Posted in Short Stories

“De Daumier-Smith’s Blue Period” by J. D. Salinger

J. D. Salinger’s short story “De Daumier’Smith’s Blue Period” sealed the deal for me in regards to his genius as a writer and apparently my selection of short stories for this year contains a high percentage having something to do with art.

A nineteen year-old American boy returns to New York in 1939 after living in Paris for nine years.  While in Paris, he dabbled in art.  Upon his return, he applies and is hired as a teacher for a correspondence art school run by a Japanese couple.  During the application process, the reader discovers how much this kid likes to lie, embellishing his background, only to find that he is the only teacher at the school and probably would have been hired regardless of his background.

I had a brief notion at the beginning of the story that this boy was going to be a pretentious  art snob (he had lived in France).  Though cynical and sarcastic, De Daumier-Smith (any reader would be 99% sure that this is not his real name) doesn’t take his art or anyone else’s art seriously.   To me, this made him likable, maybe even endearing, and unbelievably funny.  This is probably the funniest story I’ve read since Jack London’s “Moon Face”.  It’s not as dark as that one, though.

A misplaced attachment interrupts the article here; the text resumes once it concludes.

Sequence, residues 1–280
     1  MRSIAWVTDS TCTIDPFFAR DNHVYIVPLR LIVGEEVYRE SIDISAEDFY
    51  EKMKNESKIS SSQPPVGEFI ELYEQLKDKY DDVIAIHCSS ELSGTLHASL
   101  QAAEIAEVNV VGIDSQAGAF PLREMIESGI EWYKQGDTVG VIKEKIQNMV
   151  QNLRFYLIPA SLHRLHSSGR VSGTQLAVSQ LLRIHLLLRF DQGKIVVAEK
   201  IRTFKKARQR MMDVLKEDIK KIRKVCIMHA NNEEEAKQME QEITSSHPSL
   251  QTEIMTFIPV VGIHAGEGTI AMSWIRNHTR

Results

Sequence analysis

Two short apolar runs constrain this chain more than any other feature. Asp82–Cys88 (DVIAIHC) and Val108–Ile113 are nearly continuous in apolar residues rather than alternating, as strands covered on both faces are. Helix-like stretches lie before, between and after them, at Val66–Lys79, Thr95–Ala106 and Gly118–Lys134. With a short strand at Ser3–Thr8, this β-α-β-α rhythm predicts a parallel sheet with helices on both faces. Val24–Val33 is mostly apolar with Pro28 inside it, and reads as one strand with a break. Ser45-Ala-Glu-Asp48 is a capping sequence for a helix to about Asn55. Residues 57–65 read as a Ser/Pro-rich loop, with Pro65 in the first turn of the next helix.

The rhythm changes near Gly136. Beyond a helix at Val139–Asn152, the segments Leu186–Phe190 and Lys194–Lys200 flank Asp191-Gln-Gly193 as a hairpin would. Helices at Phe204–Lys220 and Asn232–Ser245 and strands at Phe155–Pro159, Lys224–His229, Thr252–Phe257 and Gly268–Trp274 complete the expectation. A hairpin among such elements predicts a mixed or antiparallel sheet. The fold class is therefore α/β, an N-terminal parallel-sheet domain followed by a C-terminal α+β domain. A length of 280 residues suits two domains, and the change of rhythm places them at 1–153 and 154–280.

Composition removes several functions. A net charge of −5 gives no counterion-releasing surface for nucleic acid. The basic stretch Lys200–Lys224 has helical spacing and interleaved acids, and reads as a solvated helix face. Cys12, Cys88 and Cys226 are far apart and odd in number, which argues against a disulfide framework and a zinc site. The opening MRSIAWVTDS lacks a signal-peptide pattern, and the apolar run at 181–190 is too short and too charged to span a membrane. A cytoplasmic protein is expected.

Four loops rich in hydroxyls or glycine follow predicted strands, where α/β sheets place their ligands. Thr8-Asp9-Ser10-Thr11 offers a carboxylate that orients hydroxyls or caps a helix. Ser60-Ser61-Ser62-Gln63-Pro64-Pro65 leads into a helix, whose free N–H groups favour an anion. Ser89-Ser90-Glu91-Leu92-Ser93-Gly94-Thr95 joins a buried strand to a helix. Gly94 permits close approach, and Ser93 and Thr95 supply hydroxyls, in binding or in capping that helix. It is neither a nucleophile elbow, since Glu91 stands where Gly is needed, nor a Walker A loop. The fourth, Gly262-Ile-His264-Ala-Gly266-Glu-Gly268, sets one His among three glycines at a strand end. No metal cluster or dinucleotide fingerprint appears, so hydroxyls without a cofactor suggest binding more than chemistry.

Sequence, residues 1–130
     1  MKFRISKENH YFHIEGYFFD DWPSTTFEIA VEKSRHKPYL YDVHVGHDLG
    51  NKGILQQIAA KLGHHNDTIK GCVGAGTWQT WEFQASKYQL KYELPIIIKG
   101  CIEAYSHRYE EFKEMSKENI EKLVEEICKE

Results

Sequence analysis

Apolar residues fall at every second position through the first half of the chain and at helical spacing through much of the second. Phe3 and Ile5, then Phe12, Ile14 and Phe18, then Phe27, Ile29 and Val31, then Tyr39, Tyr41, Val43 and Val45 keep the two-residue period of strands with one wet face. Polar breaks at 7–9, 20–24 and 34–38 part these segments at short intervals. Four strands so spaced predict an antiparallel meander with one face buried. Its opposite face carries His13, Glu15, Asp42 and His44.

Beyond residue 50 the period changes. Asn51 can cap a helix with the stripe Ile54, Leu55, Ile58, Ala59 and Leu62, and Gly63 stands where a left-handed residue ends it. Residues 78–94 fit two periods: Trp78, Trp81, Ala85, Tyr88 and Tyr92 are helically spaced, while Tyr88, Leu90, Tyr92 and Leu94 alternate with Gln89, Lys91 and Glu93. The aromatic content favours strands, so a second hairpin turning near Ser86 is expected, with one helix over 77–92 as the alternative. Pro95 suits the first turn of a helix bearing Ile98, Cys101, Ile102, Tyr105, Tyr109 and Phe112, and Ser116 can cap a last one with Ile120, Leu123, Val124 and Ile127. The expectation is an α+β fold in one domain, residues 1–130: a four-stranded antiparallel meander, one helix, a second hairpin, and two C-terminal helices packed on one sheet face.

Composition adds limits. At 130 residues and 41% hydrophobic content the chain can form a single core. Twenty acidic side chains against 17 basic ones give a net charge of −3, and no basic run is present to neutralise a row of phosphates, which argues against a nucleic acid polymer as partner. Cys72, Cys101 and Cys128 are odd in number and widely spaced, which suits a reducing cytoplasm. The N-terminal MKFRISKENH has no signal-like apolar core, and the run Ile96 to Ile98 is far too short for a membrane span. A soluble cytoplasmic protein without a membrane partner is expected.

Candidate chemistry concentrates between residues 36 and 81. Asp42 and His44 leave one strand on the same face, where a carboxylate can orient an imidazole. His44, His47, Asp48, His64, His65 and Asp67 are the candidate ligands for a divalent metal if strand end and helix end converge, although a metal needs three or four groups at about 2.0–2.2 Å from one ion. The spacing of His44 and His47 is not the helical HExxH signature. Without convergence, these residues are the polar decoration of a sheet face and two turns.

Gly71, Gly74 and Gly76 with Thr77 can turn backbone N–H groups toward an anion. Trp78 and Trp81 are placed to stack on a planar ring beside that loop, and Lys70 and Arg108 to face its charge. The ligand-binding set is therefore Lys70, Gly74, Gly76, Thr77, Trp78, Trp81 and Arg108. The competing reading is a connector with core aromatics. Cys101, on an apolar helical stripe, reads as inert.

He hits on (via mail, of course) his female correspondent students, including Sister Irma, much to the dismay of her superiors.  He has what he calls an epiphany when he sees an attractive sales clerk in a department store window dressing a mannequin.  He goes to what I consider great lengths to let his reader know that this was NOT a mystical experience – just in case someone might think that a nineteen year-old boy seeing an attractive girl in a window WOULD be mystical.

I highly recommend this story not just for a good laugh – but for a brilliant one!

9 thoughts on ““De Daumier-Smith’s Blue Period” by J. D. Salinger

      1. I would agree that not all of them are good but I didn’t like “Franny and Zooey” when I first read it but I’ve come to love it…

    1. Emily, I’ve read this one and “For Esme- With Love and Squalor” – really liked both of them and I would say that they are better than Catcher In The Rye, which I liked but I was 16 when I read it. Because 16 was a little while ago for me, i wonder what I would think of it now. Would I still sympathize with Holden Caulfield or would I want to tell him to “get a job”? Thanks for stopping by!

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